print(a*d\b,d<2?" ":"/$d ",a*f\b+1,"/$f"^(f>1)) # Calculate numerators and print

Basic idea: find the largest d and f less than b that satisfies ad-bc=gcd(a,b) (next smallest) and be-af=gcd(a,b) (next largest), then calculate c and e from there. Resulting output is c/d e/f, unless either d or f is 1, in which case the /d or /f is omitted.

Interestingly, this means that the code also works for positive improper fractions, so long as the input is not an integer (that is, gcd(a,b)=a).

Note that it overloads an infix operator - I chose backslash because it doesn't interfere with anything important and has appropriate precedence, but if this is used in the REPL or a larger piece of code, and then regular code is to be used afterwards, one should use

\ =Base. \

to reset it, or insert the code into a code block. Also note that the first use of the code will cause Julia to also print a warning about this overloading.

On my system, inputting 194857602/34512958303 takes no perceivable time to output 171085289/30302433084 23772313/4210525219

share|improve this answer
Testing with 55552/999999 gives me -396/920632 486/936509. –  user2428118 May 22 at 8:20
@user2428118 - Are you on a 32 bit system (or using a 32 bit Julia)? I've used "int", which means that on a 32 bit system, it'll use Int32 rather than Int64. int32(55552*999999) gives -282630400. For me, with that test, I get 51143/920632 52025/936509 - note that the denominators are the same, and that 52025-51143 = 486-(-396). I'll add a note to mention this issue. –  Glen O May 22 at 9:54
If you want to ensure that the code will work for all Int64 size inputs, you can replace "int" with "int128". With that change, inputting 1234567891234567/2145768375829475878 results in 869253326028691/1510825213275018197 365314565205876/634943162554457681. This change adds just 3 extra characters. –  Glen O May 22 at 10:19
Yes, I'm using a 32-bit computer. I'll try it on a 64-bit machine sometime when I've got the time for it. –  user2428118 Jun 2 at 20:00
Testing on a 64-bit computer gives the correct result, so I'm accepting this answer. –  user2428118 Jun 7 at 10:03
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Python 2.7 - 144

while y:x,y=y,x%y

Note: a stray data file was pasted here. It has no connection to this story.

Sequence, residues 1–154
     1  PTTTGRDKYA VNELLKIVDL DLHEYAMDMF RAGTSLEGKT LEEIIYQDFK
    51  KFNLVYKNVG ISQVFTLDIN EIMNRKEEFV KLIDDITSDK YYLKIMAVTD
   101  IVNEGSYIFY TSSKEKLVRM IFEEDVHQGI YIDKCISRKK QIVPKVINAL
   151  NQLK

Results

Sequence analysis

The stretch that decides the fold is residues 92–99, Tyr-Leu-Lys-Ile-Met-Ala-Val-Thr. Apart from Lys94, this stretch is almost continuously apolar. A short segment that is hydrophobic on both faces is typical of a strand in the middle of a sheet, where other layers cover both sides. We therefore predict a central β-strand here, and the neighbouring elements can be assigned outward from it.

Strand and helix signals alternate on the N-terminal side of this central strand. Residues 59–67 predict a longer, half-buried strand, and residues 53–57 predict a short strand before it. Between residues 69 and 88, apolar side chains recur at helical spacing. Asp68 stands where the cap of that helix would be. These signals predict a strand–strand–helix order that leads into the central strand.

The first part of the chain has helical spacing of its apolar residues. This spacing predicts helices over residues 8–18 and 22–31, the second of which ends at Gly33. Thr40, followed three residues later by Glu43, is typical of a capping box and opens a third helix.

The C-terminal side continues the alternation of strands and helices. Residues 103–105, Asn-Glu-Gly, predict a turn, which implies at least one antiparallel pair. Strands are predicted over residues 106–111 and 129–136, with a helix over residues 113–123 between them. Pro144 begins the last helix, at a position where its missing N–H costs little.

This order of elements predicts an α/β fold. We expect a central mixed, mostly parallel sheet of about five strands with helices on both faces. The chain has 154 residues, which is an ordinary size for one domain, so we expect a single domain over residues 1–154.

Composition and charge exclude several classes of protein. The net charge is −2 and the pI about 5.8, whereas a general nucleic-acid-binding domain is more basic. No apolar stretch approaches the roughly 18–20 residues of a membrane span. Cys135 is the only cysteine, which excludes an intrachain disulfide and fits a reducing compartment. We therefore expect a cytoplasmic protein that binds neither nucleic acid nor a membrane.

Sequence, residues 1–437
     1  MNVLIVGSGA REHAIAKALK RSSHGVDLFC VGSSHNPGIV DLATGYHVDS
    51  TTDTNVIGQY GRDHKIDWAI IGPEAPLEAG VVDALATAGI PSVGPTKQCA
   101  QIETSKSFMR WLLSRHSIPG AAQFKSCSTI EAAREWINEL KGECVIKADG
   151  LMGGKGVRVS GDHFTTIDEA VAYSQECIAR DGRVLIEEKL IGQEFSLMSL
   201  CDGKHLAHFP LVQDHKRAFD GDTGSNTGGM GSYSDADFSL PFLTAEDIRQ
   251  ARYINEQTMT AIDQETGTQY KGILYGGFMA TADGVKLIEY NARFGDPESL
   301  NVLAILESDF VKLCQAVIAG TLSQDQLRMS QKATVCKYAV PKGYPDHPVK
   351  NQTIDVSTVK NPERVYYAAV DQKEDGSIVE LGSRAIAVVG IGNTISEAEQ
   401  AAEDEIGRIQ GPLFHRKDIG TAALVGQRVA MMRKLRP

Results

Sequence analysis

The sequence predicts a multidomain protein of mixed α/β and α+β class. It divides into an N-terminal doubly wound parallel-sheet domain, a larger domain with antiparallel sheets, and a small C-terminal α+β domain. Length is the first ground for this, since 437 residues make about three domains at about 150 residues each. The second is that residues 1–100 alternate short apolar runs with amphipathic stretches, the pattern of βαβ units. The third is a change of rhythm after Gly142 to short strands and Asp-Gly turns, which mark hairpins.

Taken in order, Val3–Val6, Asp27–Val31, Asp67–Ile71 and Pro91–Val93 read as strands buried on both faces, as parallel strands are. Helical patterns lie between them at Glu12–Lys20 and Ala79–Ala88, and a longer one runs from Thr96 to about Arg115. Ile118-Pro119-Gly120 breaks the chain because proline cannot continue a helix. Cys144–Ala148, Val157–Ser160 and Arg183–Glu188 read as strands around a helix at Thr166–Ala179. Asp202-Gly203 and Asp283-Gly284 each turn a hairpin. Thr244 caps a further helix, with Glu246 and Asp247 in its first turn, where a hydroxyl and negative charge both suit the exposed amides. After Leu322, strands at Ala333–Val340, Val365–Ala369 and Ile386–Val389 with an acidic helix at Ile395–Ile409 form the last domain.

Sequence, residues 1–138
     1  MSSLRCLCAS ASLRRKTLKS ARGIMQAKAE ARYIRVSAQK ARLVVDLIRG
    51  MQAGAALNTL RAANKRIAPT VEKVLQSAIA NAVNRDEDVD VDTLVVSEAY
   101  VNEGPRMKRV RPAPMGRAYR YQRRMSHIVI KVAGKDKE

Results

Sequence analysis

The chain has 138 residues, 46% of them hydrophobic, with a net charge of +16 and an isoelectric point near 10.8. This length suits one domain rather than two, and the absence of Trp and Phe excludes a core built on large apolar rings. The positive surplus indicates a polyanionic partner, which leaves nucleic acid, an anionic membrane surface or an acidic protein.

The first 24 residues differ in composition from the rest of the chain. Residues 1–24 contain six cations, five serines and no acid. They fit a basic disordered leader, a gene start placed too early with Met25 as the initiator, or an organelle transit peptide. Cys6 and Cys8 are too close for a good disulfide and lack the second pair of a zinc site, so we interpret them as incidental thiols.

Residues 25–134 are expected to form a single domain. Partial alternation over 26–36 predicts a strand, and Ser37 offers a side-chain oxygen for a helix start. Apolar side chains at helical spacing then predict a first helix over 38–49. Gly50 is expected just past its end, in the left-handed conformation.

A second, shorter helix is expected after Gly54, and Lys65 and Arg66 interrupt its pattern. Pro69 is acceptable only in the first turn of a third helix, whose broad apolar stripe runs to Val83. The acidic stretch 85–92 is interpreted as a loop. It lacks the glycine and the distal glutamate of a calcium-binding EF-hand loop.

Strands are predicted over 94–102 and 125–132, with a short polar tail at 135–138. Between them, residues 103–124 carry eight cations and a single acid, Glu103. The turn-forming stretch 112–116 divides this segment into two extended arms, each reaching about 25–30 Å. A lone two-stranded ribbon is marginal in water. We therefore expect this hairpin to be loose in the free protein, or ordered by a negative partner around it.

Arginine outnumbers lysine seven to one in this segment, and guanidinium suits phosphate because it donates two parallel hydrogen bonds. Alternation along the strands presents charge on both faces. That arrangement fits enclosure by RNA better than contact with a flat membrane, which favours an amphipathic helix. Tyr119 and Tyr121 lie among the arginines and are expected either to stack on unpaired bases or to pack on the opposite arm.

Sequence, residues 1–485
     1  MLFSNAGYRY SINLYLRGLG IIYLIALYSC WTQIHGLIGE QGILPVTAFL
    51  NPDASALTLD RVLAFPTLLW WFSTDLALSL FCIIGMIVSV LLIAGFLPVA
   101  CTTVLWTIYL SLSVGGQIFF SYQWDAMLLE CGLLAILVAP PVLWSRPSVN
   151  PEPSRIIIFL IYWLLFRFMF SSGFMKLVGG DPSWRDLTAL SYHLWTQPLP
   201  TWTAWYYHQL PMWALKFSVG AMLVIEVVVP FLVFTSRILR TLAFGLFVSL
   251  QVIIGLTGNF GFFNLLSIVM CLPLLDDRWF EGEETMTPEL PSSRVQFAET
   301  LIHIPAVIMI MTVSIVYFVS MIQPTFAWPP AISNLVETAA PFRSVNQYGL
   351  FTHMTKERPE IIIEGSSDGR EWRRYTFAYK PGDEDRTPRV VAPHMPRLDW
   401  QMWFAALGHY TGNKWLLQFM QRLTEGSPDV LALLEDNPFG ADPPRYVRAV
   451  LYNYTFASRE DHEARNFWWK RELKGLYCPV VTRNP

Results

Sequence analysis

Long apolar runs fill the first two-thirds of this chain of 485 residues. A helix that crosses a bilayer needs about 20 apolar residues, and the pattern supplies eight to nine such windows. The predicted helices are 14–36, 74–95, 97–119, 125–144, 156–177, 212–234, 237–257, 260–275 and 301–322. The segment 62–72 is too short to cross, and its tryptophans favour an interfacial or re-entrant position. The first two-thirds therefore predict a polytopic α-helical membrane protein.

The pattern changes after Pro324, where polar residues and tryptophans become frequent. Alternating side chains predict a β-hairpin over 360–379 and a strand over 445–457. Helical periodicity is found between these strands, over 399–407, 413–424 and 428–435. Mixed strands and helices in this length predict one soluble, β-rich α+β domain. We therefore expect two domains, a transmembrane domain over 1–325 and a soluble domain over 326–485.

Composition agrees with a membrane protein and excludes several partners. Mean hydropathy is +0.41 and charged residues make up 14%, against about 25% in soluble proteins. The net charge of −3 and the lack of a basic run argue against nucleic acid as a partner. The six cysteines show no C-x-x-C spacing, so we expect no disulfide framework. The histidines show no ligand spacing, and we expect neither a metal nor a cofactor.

def f(p,a=d):

I started with the obvious brute-force solution, but I realized that since the OP wanted to be able to solve instances with six digit numerators and denominators in under a minute, I need a better solution than trying a trillion possibilities. I found a handy formula on the Wikipedia page for the Farey sequence: If a/b, c/d are neighbors in one of the Farey sequences, with a/b<c/d, then b*c-a*b=1. The while loop inside f in my program extends this fact to non-reduced numbers, using the gcd, which the other while loop calculates.

I've golfed this pretty hard already, but I'd love to hear any suggestions.


166->162: Removed a and b from the outer program. They were unnecessary.
162->155: str() -> ``
155->154: Added k.
154->152: Removed x from inside the function, passed it as an argument instead.
152->150: Gave a a default value instead of passing it as an argument.
150->146: Changed the initialization of x and y.
146->145: Removed k.
145->144: Changed ... and ... or ... to (...,...)[...], thereby saving a space.

Test cases:

1/3 1/2

0 1

1/3 2/3

170496/937775 128779/708320

12174209/86436891 11145405/79132382

The second to last test took under a second on my computer, while the last one took about 5-10 seconds.

share|improve this answer
This k=1 is pure wickedness. –  Evpok Apr 25 at 13:32
@Evpok: I was trying to get k=y=n to work, but apparently if you modify a variable inside a function, python wants it to be local. This was the only way to get a local variable in 4 characters. Also, since the fraction is positive and proper, the denominator can't be 1. –  isaacg Apr 25 at 13:36